wed 01/02/2023

DVD/Blu-ray: Amazing Grace | reviews, news & interviews

DVD/Blu-ray: Amazing Grace

DVD/Blu-ray: Amazing Grace

With Aretha: the best live music film ever?

Aretha feels the spirit

Over two days in 1972, the great Aretha Franklin, undoubtedly one of the greatest American voices of the 20th century, performed and recorded gospel classics in Los Angeles, with a predominantly African-American audience, the red-hot Los Angeles Community Gospel Choir and the support of Rev James Cleveland.

She was generally known for her soul classics, including “Say a Little Prayer”, “Think”, “Respect”, “I Never Loved a Man”, “Natural Woman” and many others, but she had grown up in the church under the tutelage of her father the Rev CL Franklin, one of Detroit’s most fiery preachers.

Warners, who set the recording up, had the sessions filmed and brought in Hollywood director Sydney Pollack to direct. The result was lost for many decades, and only became available after the singer’s death, not least thanks to the steadfast commitment of producer Alan Elliott. The result is without question one of the most electrifying and moving live music films ever made. There is a communion of spirit between singers, musicians, audience that is breath-taking, possessed of a force that excites, transports and heals. The ecstatic reviews on the film's theatrical release earlier this year aren't in the slightest bit exaggerated: this is music for the soul that swings, rocks, comforts and makes you want to get up and dance. 

Amazing Grace“Soul”, the music of Ray Charles, Otis Redding, James Brown, Carla Thomas, Etta James, James Carr, Wilson Pickett, Sam and Dave and many others, is just gospel in secular guise. Driven by the same spirit, these singers first sang in church. Though ostensibly about love and sexuality, soul is also about affairs of the heart in the most general sense – the heart that opens up in prayer, meditation and trance – when, as they say in gospel meetings, you “feel the spirit”. On one level, the film documents, with forensic attention, every step of the extraordinary mix of technique and abandon that goes into creating that exquisite feeling: as viewers, we are drawn in – through big close-ups of Aretha’s face, moved to tears by the energy pouring through her, her intimate interaction with James Cleveland, a major stylistic influence on her vocal style, and various wider shots of the choir, expertly driven by choirmaster Alexander Hamilton who coaxes unbridled passion from the singers, while never losing the perfect unison that makes their responses to Aretha’s calls irresistibly enjoyable.

Each song builds with slow but irrepressible tension towards a series of climaxes, a tear-and-smile-filled ecstasy, shared among the musicians, singers and the audience. Such a paradox, given the suffering and pain that gave birth to this extraordinary music! The liberation of the heart and soul, and the images of rivers to be crossed, all of these were coded language for release from slavery and the violence of racial discrimination. This is music that transcends secular and spiritual, the personal and the political, engaging the body as well as the mind and heart.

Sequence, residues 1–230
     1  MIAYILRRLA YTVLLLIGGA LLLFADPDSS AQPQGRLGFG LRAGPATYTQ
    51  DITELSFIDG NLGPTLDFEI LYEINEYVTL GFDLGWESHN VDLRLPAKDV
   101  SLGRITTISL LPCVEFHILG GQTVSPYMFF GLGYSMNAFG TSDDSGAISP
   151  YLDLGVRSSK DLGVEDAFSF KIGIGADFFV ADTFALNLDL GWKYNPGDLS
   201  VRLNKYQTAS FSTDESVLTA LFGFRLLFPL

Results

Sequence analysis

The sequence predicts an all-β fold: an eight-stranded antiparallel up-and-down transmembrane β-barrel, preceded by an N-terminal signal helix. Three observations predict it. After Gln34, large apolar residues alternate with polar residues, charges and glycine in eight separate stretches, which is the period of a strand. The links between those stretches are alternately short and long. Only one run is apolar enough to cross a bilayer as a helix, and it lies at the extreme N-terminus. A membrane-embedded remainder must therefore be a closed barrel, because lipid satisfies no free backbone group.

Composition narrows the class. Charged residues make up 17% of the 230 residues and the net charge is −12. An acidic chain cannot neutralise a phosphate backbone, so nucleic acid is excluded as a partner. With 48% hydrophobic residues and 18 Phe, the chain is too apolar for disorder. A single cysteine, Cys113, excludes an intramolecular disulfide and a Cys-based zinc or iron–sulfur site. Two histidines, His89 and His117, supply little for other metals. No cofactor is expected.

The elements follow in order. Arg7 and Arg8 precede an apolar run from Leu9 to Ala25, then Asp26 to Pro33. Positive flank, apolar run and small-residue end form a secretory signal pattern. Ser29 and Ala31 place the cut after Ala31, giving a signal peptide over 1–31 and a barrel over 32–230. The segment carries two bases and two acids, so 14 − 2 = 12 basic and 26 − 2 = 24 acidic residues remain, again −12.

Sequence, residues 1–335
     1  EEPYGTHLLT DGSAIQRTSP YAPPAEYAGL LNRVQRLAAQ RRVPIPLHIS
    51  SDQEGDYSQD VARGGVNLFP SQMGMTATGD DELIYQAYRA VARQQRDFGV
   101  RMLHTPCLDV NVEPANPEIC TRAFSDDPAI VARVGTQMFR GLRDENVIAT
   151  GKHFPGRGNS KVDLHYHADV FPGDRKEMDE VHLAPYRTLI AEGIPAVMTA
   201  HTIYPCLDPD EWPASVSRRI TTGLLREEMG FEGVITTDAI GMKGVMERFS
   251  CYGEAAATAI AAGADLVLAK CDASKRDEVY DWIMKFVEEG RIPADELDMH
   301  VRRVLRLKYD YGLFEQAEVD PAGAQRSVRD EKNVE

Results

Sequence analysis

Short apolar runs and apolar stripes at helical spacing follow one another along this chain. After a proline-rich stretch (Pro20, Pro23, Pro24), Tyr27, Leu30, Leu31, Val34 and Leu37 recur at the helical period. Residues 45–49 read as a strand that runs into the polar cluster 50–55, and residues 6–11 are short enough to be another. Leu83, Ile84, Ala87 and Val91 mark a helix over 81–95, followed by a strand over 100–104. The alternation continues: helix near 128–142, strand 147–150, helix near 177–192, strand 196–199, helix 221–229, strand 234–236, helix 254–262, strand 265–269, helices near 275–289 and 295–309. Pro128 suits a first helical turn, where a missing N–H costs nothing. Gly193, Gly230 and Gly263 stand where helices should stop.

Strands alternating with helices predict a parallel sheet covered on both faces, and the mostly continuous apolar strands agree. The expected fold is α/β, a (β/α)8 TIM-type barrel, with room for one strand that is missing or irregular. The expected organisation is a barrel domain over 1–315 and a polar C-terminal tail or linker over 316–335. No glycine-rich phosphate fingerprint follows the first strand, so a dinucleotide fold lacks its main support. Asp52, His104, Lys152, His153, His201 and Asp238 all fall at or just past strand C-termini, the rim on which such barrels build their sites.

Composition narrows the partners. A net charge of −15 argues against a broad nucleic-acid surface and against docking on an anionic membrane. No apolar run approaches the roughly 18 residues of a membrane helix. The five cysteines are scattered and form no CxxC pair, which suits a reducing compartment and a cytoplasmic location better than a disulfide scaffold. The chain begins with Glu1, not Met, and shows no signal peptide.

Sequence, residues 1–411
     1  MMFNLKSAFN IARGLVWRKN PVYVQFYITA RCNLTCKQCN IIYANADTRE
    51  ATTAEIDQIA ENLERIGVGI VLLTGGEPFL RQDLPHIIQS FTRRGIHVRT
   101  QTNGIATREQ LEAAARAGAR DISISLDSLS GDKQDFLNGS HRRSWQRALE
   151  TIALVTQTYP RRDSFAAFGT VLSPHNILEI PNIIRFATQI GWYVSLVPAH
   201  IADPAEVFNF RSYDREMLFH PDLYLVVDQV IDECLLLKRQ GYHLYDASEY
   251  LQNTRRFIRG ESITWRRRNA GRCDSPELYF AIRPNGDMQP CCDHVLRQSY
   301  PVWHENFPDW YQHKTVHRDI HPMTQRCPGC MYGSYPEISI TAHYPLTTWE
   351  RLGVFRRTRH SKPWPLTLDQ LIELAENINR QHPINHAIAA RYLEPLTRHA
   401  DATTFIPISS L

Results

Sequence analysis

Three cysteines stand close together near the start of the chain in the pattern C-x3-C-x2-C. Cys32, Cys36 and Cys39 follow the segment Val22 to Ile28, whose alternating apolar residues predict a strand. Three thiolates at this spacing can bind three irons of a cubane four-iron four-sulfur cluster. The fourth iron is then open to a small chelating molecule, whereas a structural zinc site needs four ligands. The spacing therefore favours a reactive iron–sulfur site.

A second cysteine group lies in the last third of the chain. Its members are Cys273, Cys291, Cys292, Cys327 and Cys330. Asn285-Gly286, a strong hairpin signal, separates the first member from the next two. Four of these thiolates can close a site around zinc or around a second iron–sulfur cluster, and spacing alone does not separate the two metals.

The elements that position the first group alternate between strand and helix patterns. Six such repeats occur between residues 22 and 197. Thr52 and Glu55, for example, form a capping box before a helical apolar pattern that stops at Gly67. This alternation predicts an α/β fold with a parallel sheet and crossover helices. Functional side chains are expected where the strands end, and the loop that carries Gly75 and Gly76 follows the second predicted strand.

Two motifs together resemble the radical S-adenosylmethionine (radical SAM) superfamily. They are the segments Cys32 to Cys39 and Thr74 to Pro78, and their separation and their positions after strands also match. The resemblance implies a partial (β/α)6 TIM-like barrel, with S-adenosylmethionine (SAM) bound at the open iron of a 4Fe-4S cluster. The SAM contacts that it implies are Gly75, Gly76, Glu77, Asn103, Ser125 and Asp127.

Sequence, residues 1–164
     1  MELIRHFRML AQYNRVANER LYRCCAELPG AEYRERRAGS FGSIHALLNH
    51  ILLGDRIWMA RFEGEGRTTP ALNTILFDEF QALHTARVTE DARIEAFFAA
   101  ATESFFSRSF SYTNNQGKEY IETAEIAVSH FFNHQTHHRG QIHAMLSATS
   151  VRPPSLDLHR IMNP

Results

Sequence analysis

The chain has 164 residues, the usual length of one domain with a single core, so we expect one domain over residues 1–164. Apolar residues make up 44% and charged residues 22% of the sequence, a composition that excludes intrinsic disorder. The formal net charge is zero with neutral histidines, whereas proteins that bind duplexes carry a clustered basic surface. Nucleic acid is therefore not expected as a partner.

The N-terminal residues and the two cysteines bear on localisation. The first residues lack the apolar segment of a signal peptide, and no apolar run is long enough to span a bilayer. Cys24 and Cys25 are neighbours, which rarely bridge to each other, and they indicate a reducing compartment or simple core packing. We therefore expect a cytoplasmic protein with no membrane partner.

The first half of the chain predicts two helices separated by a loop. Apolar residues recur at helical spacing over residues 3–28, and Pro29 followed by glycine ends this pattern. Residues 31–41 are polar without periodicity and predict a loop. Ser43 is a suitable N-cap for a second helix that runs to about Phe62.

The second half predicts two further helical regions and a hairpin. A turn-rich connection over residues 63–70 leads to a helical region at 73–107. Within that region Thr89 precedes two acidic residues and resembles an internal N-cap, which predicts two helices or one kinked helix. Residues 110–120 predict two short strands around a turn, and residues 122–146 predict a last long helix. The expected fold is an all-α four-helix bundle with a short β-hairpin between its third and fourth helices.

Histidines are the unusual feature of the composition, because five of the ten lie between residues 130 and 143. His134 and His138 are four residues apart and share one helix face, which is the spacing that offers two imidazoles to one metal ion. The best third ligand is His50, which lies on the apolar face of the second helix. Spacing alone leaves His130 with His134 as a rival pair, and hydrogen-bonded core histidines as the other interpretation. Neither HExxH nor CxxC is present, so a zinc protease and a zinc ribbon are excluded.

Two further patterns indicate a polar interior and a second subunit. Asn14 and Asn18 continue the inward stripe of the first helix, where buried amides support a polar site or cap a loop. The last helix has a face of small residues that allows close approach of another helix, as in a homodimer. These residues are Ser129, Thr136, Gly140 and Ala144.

The audience – which includes brief shots of Mick Jagger, looking at times transported and at others a little embarrassed – are full participants in the ceremony: James Cleveland asks them, before the first session begins, to “give vent to the spirit” and of course they do. As in all musical forms with roots in Africa, the audience aren't just out there, watching and listening, but they are integral to the magic that unfolds at every moment, echoing the emotion summoned by Aretha, her musicians and choir, and simultaneously nourishing her with their shouts, handclaps, "testifying" and dancing.

The film is touching as well in every detail – members of the choir overwhelmed by the emotional force of Aretha’s singing; vocals that dare go right to the brink of the possible and hover on the edge of a scream, some of them so moved that their eyes are flooded with tears; the Rev CL Franklin stepping proudly up on stage, and wiping the pearls of sweat from his daughter’s brow; and bass-player Chuck Rainey, cool and impassive in the gospel storm, providing the solid ground that this wild music demands.

There is a moment about two-thirds of the way through when the intensity fades a little, but this doesn’t in any way take away from the passion and ecstasy that flow through so much of the film, much more than a record of the making of Aretha’s most successful album, but an invaluable demonstration of the healing power of music, the effect of which is probably impossible to communicate in words.

Each song builds with slow but irrepressible tension towards a series of climaxes


Editor Rating: 
Average: 5 (1 vote)

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